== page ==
(CNN) -- Roughly 20% of high school students report being bullied at school in the past year, according to the Centers for Disease Control and Prevention, and 15% of high school students said they were bullied online.
That number has gone down significantly since the federal government started collecting data on the problem in 2005. A decade ago, 28% of students reported being bullied.
Why? One reason is that anti-bullying laws seem to actually work. That's what a new study in JAMA Pediatrics suggests, although not all bullying laws are equally impactful.
Bullying behavior is typically defined as a persistent pattern of harassment and intimidation that's directed at an individual and can be physical or verbal.
Bullying behavior is meant to scare, isolate and humiliate the victim. It can come in the form of threats, spreading rumors, attacks or purposeful exclusion of the victim. Bullying can create deep emotional scars for victims and for bystanders who witness this behavior. The impact can be felt for a lifetime, and it leaves people depressed, anxious and can even lead to suicide.
Anti-bullying laws address an old problem
In the wake of several high-profile suicides among students who were chronically bullied, and after two students who said they were constantly bullied attacked their fellow students in 1999 at Columbine High School in Colorado, various states started passing laws to stop bullying behavior among students. Every state in the country now has something on the books.
"It's hard to believe 15 years ago we didn't really have anti-bullying laws," said lead author Dr. Mark Hatzenbuehler.
Hatzenbuehler is an association professor in the department of sociomedical sciences at Columbia University. What makes the study important is that it's the first to look for a direct effect of these laws on students.
What's striking about the study's findings, Hatzenbuehler said, is exactly how much of an effect these laws have had to stop bullying.
The laws, he said, have helped everyone, even segments of the population that are typically seen as more at risk: the obese or overweight, people with disabilities and people who identify as lesbian, gay, bisexual or transgender.
Looking at data from more than 60,000 high school students in public and private schools in 25 states, the study found that states that did have anti-bullying laws with at least one Department of Education recommendation saw fewer instances of bullying.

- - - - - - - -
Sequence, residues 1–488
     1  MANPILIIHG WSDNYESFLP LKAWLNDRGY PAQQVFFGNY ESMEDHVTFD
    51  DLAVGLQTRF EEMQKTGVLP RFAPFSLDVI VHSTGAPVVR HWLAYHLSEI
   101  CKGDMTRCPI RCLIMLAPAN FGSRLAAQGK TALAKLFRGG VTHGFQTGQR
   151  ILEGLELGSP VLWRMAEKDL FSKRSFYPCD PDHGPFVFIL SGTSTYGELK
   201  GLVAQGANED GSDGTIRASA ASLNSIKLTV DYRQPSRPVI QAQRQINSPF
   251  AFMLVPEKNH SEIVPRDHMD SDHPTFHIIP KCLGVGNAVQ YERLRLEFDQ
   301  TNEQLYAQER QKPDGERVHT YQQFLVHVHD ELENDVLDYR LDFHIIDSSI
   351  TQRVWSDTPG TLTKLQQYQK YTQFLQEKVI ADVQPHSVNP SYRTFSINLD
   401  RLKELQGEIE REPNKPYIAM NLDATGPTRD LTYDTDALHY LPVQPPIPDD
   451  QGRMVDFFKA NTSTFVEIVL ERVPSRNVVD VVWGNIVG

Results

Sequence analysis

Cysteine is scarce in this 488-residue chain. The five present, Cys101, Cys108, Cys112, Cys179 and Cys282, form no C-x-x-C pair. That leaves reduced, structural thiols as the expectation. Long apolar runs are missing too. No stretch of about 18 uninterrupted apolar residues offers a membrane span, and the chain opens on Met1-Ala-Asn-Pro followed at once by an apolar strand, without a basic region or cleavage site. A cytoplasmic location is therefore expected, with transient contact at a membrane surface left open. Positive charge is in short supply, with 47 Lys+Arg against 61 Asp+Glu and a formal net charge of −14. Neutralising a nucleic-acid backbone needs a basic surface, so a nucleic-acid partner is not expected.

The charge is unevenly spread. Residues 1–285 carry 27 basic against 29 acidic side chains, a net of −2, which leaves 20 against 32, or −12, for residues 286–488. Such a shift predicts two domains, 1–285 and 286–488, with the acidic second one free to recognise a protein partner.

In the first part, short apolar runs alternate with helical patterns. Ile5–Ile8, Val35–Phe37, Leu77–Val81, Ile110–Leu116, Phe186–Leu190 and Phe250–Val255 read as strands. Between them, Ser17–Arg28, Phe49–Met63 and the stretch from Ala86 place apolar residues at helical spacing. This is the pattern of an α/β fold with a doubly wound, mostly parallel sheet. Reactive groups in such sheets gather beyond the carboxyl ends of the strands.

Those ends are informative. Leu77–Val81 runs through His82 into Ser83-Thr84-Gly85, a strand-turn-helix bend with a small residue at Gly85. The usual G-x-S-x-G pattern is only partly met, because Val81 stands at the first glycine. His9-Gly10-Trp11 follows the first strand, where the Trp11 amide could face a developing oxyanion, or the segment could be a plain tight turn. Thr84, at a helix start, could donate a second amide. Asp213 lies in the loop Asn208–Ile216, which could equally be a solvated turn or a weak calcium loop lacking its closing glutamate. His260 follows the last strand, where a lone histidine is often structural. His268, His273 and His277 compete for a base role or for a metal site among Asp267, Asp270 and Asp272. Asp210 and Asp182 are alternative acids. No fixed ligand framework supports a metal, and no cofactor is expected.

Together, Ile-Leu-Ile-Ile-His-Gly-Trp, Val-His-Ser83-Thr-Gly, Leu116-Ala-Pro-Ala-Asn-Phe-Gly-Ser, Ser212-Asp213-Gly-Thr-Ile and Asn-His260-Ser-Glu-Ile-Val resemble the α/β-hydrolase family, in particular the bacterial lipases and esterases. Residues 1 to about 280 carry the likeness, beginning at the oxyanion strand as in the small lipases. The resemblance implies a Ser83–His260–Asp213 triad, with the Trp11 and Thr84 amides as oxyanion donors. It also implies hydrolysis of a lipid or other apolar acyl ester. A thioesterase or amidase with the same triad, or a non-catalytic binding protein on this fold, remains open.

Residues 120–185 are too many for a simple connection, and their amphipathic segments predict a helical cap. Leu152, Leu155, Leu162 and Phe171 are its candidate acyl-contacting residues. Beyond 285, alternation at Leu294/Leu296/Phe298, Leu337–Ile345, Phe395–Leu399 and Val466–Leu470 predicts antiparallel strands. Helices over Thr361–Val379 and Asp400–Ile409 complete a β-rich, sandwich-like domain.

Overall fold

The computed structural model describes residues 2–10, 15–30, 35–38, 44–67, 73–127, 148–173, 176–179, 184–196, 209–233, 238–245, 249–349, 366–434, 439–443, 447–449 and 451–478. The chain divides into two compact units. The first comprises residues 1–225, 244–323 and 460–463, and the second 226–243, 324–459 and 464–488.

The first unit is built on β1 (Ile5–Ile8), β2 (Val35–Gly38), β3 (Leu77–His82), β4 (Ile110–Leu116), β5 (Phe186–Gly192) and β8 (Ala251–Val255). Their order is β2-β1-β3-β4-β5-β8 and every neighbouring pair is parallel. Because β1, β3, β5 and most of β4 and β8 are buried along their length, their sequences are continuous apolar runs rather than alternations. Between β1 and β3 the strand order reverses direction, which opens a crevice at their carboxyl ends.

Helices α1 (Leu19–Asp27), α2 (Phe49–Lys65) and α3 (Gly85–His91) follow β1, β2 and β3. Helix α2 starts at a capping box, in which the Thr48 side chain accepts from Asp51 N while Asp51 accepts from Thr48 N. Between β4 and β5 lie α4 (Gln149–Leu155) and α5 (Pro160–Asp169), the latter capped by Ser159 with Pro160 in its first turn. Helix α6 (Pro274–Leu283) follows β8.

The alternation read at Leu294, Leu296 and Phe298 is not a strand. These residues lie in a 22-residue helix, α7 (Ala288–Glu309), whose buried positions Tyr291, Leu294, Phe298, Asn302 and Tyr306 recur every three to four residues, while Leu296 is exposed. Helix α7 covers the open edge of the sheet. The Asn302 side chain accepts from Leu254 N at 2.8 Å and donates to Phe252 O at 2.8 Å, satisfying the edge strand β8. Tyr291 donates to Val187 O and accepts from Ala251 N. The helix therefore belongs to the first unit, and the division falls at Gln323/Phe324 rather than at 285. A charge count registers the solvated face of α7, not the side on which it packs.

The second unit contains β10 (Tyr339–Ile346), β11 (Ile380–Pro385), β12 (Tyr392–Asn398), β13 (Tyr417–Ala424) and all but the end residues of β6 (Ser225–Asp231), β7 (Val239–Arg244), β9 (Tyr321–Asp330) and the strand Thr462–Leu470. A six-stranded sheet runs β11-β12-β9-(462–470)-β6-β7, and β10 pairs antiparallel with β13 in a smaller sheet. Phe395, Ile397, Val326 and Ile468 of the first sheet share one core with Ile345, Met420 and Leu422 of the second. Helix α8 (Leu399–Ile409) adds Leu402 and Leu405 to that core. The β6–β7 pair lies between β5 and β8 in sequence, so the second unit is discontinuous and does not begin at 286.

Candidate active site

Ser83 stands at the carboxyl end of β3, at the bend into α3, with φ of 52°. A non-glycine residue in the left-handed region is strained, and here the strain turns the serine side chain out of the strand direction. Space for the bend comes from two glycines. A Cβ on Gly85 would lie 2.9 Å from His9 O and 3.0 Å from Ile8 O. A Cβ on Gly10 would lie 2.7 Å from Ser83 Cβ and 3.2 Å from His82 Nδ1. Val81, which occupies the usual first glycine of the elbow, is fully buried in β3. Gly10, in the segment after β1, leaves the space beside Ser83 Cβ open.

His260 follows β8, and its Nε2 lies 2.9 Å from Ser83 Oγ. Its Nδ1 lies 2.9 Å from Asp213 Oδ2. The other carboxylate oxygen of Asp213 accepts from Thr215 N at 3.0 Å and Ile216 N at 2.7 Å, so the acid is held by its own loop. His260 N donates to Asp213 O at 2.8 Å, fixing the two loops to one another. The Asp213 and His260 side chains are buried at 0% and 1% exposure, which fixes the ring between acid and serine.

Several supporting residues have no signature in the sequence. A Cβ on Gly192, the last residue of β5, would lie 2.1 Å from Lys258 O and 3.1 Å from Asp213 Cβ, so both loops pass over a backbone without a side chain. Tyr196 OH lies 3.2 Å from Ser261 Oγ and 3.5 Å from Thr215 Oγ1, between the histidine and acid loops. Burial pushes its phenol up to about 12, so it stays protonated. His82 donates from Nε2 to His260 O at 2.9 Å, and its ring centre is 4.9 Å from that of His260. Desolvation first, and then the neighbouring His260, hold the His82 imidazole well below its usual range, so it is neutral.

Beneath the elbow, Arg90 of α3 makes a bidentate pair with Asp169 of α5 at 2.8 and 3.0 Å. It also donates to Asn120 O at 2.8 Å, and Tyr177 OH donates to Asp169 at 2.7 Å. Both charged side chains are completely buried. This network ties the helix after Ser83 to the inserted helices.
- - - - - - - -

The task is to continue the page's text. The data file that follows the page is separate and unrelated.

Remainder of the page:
In 2010, the U.S. Department of Education created a document that laid out 11 recommendations for effective bullying laws. They included spelling out what is prohibited behavior, training in bullying prevention and monitoring to make sure the policies are enforced.
This study found that the states with laws that had even one of these Department of Education suggestions showed 24% less reports of in-person bullying and 20% less reported cyberbullying.
Students in Alabama, for instance, saw a decline in bullying that was so significant only 14% reported a problem; whereas in South Dakota 27% of students reported being the victim of bullying. Across the 25 states studied (there was not enough data on the other states), the average rate of bullying matched the CDC figures at around 20%.
That still leaves millions of U.S. children face regular harassment and don't feel safe when they go to class.
While more work needs to be done to fully understand the combination of law that works best -- the study was observational and did not get at why these laws were effective -- what does seem to consistently work is when states define what bullying behavior is prohibited, and it helps when the law requires schools to create and enforce anti-bullying policies.
The authors theorize laws that are specific about what constitutes bullying may empower school administrations to stop the behavior. Earlier studies have shown that programs that have the most impact also teach parents and teachers that bullying should not be the norm, and encourage peers and adults to intervene to stop the behavior.
In the future, Hatzenbuehler hopes to expand the study to include younger children. Middle schoolers do tend to face a disproportionate amount of bullying compared with other age groups, according to earlier studies. But Hatzenbuehler thinks his study effectively shows that bullying doesn't have to be business as usual among children.
"Laws actually work, and as we get a better understanding of what combination of law works best we can create a gold standard of legislation," that will be even more impactful, Hatzenbeuhler said.
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